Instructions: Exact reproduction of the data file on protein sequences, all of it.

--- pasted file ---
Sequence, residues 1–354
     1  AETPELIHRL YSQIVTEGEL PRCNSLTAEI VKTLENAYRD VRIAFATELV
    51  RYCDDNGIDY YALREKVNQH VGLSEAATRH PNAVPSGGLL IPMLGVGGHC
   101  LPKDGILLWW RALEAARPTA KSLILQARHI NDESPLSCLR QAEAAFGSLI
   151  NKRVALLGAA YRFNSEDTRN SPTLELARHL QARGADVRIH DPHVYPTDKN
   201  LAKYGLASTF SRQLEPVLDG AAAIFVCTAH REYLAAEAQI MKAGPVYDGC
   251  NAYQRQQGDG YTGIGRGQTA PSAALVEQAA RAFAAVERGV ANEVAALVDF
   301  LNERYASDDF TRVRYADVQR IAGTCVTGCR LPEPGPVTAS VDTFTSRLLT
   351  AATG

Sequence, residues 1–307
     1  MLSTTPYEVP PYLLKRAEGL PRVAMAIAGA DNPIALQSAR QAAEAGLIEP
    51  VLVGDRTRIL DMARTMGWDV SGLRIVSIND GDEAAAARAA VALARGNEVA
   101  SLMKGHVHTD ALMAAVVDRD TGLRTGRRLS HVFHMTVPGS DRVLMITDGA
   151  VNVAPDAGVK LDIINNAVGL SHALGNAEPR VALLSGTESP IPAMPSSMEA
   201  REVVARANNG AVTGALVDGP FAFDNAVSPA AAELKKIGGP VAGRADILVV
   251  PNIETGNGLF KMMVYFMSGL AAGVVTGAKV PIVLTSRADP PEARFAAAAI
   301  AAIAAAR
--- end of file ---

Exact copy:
Sequence, residues 1–354
     1  AETPELIHRL YSQIVTEGEL PRCNSLTAEI VKTLENAYRD VRIAFATELV
    51  RYCDDNGIDY YALREKVNQH VGLSEAATRH PNAVPSGGLL IPMLGVGGHC
   101  LPKDGILLWW RALEAARPTA KSLILQARHI NDESPLSCLR QAEAAFGSLI
   151  NKRVALLGAA YRFNSEDTRN SPTLELARHL QARGADVRIH DPHVYPTDKN
   201  LAKYGLASTF SRQLEPVLDG AAAIFVCTAH REYLAAEAQI MKAGPVYDGC
   251  NAYQRQQGDG YTGIGRGQTA PSAALVEQAA RAFAAVERGV ANEVAALVDF
   301  LNERYASDDF TRVRYADVQR IAGTCVTGCR LPEPGPVTAS VDTFTSRLLT
   351  AATG

Sequence, residues 1–307
     1  MLSTTPYEVP PYLLKRAEGL PRVAMAIAGA DNPIALQSAR QAAEAGLIEP
    51  VLVGDRTRIL DMARTMGWDV SGLRIVSIND GDEAAAARAA VALARGNEVA
   101  SLMKGHVHTD ALMAAVVDRD TGLRTGRRLS HVFHMTVPGS DRVLMITDGA
   151  VNVAPDAGVK LDIINNAVGL SHALGNAEPR VALLSGTESP IPAMPSSMEA
   201  REVVARANNG AVTGALVDGP FAFDNAVSPA AAELKKIGGP VAGRADILVV
   251  PNIETGNGLF KMMVYFMSGL AAGVVTGAKV PIVLTSRADP PEARFAAAAI
   301  AAIAAAR